JH Engström was born in Karlstad, Värmland, Sweden in 1969. He studied film and photography at the University of Gothenburg and later lived in Paris for over 20 years, where he assisted photographers Mario Testino and Anders Petersen. He now lives in the south of Sweden. Engström’s international breakthrough came in 2004 with his book Trying to Dance, which was nominated for the Deutsche Börse Photography Prize in 2005. Over the years, JH Engström has received numerous international awards for his work, including most recently the 2015 Leica Oskar Barnack Award.
JH Engström’s photography gives visual form to existential states. Without focusing on one specific theme, he collects impressions in all possible styles – impressions that correspond to his emotions. He explores what existence is really all about. In this interview, JH Engström talks about emotions while photographing, editing as a laborious act, and experimenting with new formats.
Q: Do you plan to take pictures in advance or do you always have a camera on hand to catch the chance moment?
A: I most often have a camera on hand. I work both with primitive and intuitive shooting, and more planned shooting and the whole range in between. There is absolutely no hierarchy within that range. To only work with one method would be too simplistic and it would bore me as well. The way I prepare myself is by trying to catch the energies within me that are in connection with my inner conflicts, doubts, fears, contradictions, questions or the pure joy of existing.
Q: Where do you find your motifs?
A: You can photograph everything. It’s about how you do it. Everything can be a mystery, so I don’t have to go to special places. When I was younger I had the urge to go somewhere. Now I can see the images everywhere.
Q: Do you have a connection with any other art forms?
A: Of course! All forms of art have influenced me as much as photography. I love human expressions. Whatever tool is used is not important to me. When it speaks to me, it speaks to me and that could be any form of art.
Q: Please describe your visual approach to the topics photographed. Do you have a method, a certain way of developing your visual language? Does it change?
A: It’s impossible to describe my approach in a short answer here. But if you insist I would use the word “intuitive”. My method is also to have many different methods and the way I develop is by doing, failing, doubting, and constantly questioning my self and my work. And sometimes, rarely, there is also some kind of flow when I work. I do hope there is a constant change. Otherwise I would become quite worried and also bored.
Q: You make use of many different styles for your work – eclectic, one would say. Playfulness seems like a common thread running though the pictures.
A: I don’t prefer one stylistic element over another. Everything depends on what you are trying to express and why. I use colour, black-and-white, sharpness, blur, natural light, large-format, disposable cameras, 8 mm cameras, Polaroids, medium-format, 135 mm … everything possible.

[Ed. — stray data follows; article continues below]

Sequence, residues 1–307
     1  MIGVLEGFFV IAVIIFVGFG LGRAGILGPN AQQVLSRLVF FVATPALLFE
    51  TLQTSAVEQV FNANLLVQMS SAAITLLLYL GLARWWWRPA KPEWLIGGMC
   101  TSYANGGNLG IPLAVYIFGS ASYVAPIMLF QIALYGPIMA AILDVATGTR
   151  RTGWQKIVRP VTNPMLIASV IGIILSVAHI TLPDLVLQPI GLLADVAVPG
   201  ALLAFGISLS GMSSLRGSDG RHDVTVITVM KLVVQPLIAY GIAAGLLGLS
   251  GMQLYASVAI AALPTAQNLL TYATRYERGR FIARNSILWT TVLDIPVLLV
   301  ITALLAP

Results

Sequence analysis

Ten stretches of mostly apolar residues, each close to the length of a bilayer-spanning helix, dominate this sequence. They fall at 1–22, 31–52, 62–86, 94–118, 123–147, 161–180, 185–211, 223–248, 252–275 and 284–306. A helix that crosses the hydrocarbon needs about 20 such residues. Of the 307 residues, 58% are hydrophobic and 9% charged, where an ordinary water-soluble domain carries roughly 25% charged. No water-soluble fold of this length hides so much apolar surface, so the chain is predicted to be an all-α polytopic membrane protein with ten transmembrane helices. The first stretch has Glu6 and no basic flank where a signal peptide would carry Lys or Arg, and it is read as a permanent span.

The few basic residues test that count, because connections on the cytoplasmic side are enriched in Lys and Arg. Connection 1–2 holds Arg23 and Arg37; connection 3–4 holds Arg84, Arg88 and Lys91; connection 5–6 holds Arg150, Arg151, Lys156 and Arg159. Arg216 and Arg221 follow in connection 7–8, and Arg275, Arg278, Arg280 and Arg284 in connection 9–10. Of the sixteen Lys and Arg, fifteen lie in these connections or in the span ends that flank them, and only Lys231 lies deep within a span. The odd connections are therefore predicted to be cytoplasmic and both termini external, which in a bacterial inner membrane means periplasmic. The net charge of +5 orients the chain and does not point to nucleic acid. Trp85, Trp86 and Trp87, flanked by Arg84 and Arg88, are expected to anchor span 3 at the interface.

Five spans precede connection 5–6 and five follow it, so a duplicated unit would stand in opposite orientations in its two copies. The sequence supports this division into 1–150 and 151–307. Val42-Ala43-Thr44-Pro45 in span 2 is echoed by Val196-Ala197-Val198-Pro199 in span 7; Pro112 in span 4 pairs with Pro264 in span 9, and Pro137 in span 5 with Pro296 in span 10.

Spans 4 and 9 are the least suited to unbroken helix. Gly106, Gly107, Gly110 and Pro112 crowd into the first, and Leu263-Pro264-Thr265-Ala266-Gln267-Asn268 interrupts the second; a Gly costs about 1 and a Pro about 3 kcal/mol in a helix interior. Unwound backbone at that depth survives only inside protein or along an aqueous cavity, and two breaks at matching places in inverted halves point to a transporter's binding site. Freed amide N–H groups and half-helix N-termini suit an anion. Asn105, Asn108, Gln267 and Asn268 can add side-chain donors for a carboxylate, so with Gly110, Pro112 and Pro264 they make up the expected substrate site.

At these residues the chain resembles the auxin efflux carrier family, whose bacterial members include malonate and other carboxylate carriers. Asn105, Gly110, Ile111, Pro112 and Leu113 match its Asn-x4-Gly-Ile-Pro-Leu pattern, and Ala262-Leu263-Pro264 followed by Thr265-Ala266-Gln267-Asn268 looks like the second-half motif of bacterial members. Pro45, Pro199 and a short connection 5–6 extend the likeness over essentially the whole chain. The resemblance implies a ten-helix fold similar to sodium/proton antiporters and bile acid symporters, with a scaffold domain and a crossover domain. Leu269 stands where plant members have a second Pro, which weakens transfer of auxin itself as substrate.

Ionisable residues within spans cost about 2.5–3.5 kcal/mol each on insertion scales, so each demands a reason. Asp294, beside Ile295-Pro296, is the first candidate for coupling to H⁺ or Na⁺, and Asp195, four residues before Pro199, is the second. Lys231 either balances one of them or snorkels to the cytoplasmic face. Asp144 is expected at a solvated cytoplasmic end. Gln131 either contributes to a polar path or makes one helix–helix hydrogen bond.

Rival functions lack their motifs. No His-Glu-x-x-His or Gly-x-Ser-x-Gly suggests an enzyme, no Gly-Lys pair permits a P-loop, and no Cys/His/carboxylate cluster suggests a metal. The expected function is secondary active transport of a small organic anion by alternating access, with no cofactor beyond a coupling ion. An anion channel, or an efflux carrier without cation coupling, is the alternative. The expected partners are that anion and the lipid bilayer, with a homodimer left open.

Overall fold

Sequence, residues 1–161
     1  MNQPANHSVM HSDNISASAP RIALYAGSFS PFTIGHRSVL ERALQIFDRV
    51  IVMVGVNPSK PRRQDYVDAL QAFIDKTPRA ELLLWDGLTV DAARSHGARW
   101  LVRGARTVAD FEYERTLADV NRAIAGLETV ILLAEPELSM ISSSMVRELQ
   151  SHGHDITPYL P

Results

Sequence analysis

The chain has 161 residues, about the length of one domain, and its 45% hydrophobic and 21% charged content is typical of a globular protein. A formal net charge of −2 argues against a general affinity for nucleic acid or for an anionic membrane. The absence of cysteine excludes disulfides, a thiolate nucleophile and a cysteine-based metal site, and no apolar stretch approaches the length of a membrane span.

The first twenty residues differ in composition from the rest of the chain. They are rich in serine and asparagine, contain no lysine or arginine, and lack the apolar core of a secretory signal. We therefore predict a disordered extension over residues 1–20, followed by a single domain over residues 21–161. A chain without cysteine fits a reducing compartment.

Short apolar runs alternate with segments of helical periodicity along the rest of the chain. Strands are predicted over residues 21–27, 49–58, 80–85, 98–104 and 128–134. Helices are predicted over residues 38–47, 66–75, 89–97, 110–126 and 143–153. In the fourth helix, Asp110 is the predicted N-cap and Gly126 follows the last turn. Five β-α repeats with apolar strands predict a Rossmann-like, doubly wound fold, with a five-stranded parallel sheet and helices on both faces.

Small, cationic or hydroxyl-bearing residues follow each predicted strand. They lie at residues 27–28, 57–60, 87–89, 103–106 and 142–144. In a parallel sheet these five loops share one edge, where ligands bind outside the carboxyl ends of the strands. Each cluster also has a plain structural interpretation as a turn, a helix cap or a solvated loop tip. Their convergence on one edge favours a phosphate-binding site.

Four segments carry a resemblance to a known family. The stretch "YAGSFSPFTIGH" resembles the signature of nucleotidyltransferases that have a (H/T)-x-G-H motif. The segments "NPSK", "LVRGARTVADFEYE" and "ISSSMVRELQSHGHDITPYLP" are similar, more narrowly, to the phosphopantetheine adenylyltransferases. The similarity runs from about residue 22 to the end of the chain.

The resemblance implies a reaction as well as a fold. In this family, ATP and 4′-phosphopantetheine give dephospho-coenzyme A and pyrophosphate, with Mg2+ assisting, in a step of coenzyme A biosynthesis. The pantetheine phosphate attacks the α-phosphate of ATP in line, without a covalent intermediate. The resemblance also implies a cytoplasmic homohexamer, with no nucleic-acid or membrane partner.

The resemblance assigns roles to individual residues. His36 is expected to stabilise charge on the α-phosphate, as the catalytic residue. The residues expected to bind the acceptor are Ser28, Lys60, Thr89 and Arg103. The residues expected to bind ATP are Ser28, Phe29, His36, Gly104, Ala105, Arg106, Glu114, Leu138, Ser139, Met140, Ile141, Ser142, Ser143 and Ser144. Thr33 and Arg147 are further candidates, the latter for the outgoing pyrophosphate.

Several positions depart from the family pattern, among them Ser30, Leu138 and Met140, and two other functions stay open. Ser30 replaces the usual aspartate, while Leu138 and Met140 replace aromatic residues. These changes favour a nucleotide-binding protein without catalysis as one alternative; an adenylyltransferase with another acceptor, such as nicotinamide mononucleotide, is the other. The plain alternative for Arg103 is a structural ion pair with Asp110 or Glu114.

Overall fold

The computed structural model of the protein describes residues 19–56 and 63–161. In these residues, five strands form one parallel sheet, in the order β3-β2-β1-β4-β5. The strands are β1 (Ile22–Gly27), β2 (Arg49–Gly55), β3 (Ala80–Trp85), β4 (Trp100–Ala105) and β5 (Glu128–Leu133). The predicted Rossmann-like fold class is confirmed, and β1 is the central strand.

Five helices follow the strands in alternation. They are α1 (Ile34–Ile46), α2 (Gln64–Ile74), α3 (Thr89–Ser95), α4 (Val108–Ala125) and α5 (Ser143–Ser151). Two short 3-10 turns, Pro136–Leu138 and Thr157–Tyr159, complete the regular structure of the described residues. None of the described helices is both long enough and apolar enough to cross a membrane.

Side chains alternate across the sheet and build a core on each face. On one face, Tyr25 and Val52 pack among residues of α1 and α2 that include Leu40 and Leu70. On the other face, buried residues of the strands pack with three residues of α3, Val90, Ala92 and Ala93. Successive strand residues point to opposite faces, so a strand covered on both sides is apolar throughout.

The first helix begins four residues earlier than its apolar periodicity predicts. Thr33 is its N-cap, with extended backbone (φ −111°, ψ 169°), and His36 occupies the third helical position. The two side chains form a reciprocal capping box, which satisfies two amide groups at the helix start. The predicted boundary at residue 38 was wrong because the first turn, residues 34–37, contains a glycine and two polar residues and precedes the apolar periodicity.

Q: Your very comprehensive work is made up of individual pictures that you have not kept in chronological order. By combining the motifs without reference to time or place, you create new contexts. It is easy to recognize the influence film has on you.
A: Well, film also deals with images. I personally always liked and believed in photography that on a deeper level deals with the serial in its nature. And that is definitely a link to film as you mention. It also comes down to my interest in storytelling and how series and combinations of images create stories. These stories can of course be more or less concrete or abstract. Rhythm in and between images also interests me. I work a lot with photo books as a way of expression, and I believe the photo book is linked to both the medium of film and the written short story.
Q: Editing a series together can really sap one’s energy. How did Tout Va Bien come about?
A: I composed the Tout Va Bien series over several years. It has been a long and windy road. It’s like that with most of my books. I think I have something like 15 dummy versions of Tout Va Bien in my studio that have been reworked and rejected. But now the final version is printed and the cards are laid out on the table. I can’t take them back now and that is wonderful. The work is done.
Q: There are always new combinations, but your archives must also be enormous. How do you keep an overview? How do you find individual motifs again?
A: I’ve been taking photographs for 20 to 25 years, so it’s built up to a significant amount. Once a motif has appeared in a book, it goes into a photo with the title of the work.
Q: You have published fifteen books so far – but obviously not just for the purpose of creating an archive. What do photo books mean to you?
A: A book is the ultimate photographic expression. A photography book in high-quality print does the photograph 100 percent justice. It’s an important component of the expression. For me, images are linked to a certain tactility.
Q: You have received many awards for your books. The first one, Shelter, published in 1997, was named best photo book in Sweden. In 2004 came the next one, Trying to Dance; and since then it’s one after another.
A: This photo book boom is quite new. It’s almost become a new art form. When I published my first one in the mid ’90s, nobody was into publishing photo books. I guess because photography grows more and more important.
Q: What do you have planned next? Another photo book?
A: Right now I am concentrating on 8 mm film. I’ve been doing two films for Swedish TV, where you have to be understandable. Now I am working on more experimental things. I feel like a child when I pick up the camera.
Thank you for your time, JH!
– Leica Internet Team